February 23, 2024
Brachytherapy

Shining Light On Brachytherapy: A Comprehensive Overview

Cancer is one of the leading causes of death worldwide. While conventional treatments like chemotherapy, surgery and external beam radiation continue developing to fight cancer effectively, brachytherapy has emerged as a highly precise type of radiation therapy. Brachytherapy, also called internal radiation therapy, is an effective treatment option for certain types of cancers with minimal side effects.

What is Brachytherapy?

Brachytherapy, from the Greek words “brachys” meaning short and “therapy” meaning treatment, involves placing radioactive sources inside or next to the Cancer tumor. Small radioactive seeds, capsules or catheters are placed directly inside the tumor or body cavity, allowing a high dose of radiation to be delivered right to the cancer site while minimizing damage to nearby healthy tissues. This focused, targeted delivery of radiation spares more of the surrounding normal tissues than conventional external beam radiation therapy.

Types of Brachytherapy

There are two main types of Brachytherapy – temporary and permanent. In temporary brachytherapy, also known as high-dose-rate (HDR) brachytherapy, a radiation oncologist places radioactive sources inside or near the tumor either through catheters or applicators for a short period of time ranging from minutes to a few hours. In permanent brachytherapy, also known as low-dose-rate (LDR) brachytherapy, tiny radioactive seeds are planted permanently inside or around the tumor region. The seeds release small doses of radiation continuously over several days or weeks to destroy cancer cells.

Common Cancer Sites Treated

Brachytherapy is used to treat various types of cancers affecting organs in the pelvic and chest regions where radioactive sources can be precisely placed inside or near the tumor. Some of the most common cancer sites treated with brachytherapy include prostate cancer, cervical cancer, breast cancer, skin cancer, head and neck cancers and gynecologic cancers of the ovaries, uterus and vagina. Brachytherapy may be used alone or in combination with other therapies like surgery, external beam radiation or chemotherapy based on the cancer type and stage.

Benefits of Brachytherapy

Some of the key benefits of brachytherapy over other radiation therapy methods include:

– Precise delivery of high doses of radiation directly to the tumor: Brachytherapy allows targeted delivery of a large radiation dose to the exact tumor location while minimizing exposure to nearby healthy tissues.

– Shorter treatment time: Temporary brachytherapy is usually completed in one or a few sessions over hours or days compared to weeks of daily external beam radiation.

– Lower risk of side effects: Focused radiation from inside minimizes radiation exposure to surrounding organs and tissues, resulting in fewer short-term and long-term side effects.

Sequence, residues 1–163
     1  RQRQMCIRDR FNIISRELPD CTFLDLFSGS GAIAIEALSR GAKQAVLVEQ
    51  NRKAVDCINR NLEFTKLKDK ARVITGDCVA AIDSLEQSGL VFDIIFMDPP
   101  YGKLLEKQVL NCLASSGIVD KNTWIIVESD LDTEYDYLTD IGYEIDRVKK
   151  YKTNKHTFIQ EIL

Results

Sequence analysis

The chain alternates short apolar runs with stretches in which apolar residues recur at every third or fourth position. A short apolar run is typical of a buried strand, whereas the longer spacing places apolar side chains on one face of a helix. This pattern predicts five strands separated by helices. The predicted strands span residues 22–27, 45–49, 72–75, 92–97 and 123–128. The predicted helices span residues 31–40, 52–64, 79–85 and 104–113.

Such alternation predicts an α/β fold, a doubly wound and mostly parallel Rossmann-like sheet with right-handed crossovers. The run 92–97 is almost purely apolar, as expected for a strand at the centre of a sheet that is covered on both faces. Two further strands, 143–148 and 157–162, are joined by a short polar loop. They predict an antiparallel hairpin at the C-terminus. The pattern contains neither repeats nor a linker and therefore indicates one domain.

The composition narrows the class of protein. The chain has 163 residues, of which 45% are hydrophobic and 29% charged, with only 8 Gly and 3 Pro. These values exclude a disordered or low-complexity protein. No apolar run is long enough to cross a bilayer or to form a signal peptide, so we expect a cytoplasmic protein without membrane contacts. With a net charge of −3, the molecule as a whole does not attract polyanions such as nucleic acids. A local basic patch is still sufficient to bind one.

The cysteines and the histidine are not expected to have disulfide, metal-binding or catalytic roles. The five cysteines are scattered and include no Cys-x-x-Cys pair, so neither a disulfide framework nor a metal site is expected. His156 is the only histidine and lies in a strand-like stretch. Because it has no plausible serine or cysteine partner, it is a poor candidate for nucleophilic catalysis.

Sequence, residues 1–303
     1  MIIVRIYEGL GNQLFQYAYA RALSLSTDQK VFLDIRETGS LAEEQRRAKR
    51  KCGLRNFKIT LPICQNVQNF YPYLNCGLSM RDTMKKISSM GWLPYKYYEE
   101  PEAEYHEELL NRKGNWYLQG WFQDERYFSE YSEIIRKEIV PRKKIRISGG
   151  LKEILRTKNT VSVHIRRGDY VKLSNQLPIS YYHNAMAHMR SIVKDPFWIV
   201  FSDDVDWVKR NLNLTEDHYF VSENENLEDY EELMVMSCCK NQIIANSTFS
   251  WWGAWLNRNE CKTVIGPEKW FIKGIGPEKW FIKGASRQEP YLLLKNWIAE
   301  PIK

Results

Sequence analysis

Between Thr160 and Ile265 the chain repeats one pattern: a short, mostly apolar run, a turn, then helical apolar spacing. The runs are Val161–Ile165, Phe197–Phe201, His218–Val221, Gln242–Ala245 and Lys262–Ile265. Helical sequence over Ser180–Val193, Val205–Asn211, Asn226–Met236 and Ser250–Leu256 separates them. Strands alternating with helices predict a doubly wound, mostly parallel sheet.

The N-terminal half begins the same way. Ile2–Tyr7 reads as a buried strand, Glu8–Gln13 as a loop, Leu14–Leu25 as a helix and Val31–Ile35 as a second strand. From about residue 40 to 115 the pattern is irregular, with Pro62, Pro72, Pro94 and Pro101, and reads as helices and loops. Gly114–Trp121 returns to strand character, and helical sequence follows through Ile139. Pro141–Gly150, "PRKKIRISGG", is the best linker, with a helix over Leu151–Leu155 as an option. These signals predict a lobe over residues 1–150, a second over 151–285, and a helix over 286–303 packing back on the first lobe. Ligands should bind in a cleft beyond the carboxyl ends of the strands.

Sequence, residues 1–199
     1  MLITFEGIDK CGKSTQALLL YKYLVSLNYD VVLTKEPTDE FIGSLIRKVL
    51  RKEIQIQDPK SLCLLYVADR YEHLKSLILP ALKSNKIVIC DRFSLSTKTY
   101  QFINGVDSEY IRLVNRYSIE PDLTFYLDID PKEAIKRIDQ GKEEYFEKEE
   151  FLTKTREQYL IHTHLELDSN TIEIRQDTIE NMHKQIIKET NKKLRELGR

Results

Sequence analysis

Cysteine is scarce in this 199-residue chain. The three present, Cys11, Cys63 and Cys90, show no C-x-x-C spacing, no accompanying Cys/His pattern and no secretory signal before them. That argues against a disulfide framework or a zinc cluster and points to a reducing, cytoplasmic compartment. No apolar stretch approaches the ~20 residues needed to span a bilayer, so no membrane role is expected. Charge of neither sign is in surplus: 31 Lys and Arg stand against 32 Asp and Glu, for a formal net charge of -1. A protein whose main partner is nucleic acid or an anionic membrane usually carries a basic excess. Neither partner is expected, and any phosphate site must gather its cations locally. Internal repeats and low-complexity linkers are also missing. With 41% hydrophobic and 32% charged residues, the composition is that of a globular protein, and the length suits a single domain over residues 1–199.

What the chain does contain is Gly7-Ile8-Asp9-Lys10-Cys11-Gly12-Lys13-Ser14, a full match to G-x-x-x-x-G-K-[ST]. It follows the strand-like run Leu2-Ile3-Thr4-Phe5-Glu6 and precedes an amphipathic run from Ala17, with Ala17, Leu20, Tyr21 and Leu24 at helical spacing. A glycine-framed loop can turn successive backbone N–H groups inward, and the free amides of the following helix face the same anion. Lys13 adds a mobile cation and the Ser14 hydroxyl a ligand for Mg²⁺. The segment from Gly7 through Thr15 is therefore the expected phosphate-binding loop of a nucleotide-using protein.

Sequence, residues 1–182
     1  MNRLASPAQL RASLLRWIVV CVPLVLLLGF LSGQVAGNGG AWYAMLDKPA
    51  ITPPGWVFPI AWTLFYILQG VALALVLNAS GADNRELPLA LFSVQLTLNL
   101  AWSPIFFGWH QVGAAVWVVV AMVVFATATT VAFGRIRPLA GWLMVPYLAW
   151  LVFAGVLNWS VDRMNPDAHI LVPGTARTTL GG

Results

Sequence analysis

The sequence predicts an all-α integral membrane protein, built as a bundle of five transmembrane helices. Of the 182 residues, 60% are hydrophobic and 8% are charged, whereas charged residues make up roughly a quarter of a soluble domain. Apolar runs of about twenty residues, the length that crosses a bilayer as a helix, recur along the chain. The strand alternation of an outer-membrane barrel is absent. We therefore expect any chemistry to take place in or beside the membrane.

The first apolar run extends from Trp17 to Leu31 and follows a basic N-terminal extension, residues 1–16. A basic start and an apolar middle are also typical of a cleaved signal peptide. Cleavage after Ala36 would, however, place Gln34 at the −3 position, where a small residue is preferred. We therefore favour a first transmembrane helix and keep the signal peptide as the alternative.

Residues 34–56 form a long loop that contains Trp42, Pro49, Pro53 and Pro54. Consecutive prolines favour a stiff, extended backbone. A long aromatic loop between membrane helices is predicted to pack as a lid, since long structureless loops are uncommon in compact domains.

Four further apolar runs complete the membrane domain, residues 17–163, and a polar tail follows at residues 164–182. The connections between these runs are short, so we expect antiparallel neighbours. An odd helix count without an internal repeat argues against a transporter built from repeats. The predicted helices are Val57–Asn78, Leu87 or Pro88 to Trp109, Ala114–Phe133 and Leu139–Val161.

– May be used alone or with other therapies: Brachytherapy can often be used alone for early-stage cancers or combined with other treatments like surgery or external beam radiation.

– Outpatient procedure: Most brachytherapy treatments are done on an outpatient basis without hospitalization.

– Recovery and return to normal routine is faster.

Prostate Cancer Brachytherapy

Prostate cancer is one of the most common cancer sites treated with brachytherapy. In prostate brachytherapy, also called prostate seed implantation, radioactive iodine-125 or palladium-103 seeds are placed directly into the prostate gland through needles inserted using transrectal ultrasound guidance. Permanent implants allow low doses of radiation to be delivered continuously for weeks to kill cancer cells while minimizing harm to surrounding structures.

Prostate brachytherapy has shown excellent cancer control outcomes comparable to surgery with less urinary, bowel and erectile side effects. It is most suitable for early-stage prostate cancer confined to the prostate gland. Many men choose brachytherapy to preserve sexuality and quality of life. Follow up after prostate brachytherapy involves PSA blood tests and digital rectal exams every few months initially to monitor treatment response and recurrence.

Cervical Cancer Brachytherapy

For cervical cancer, brachytherapy involves placing a radioactive source such as iridium-192 directly into the cervix and top of the vagina using special applicators. It is commonly used along with external beam radiation and sometimes chemotherapy depending on the stage of cervical cancer. Brachytherapy provides an extra radiation boost to the tumor region while lessening doses to nearby organs like the bladder and rectum. It helps improve cure rates while reducing side effects for women with early to mid-stage cervical cancer.

With recent technical advances in applicator and implant designs, real-time imaging and treatment planning software, brachytherapy has become a highly precise cancer treatment option. When used appropriately based on tumor type and stage, it offers excellent cancer control outcomes and survival benefits comparable to other treatments like surgery or external beam radiation with fewer side effects on normal tissues and quality of life. Brachytherapy continues to evolve as an integral part of the multidisciplinary management of select cancers.

*Note:
1. Source: Coherent Market Insights, Public sources, Desk research
2. We have leveraged AI tools to mine information and compile it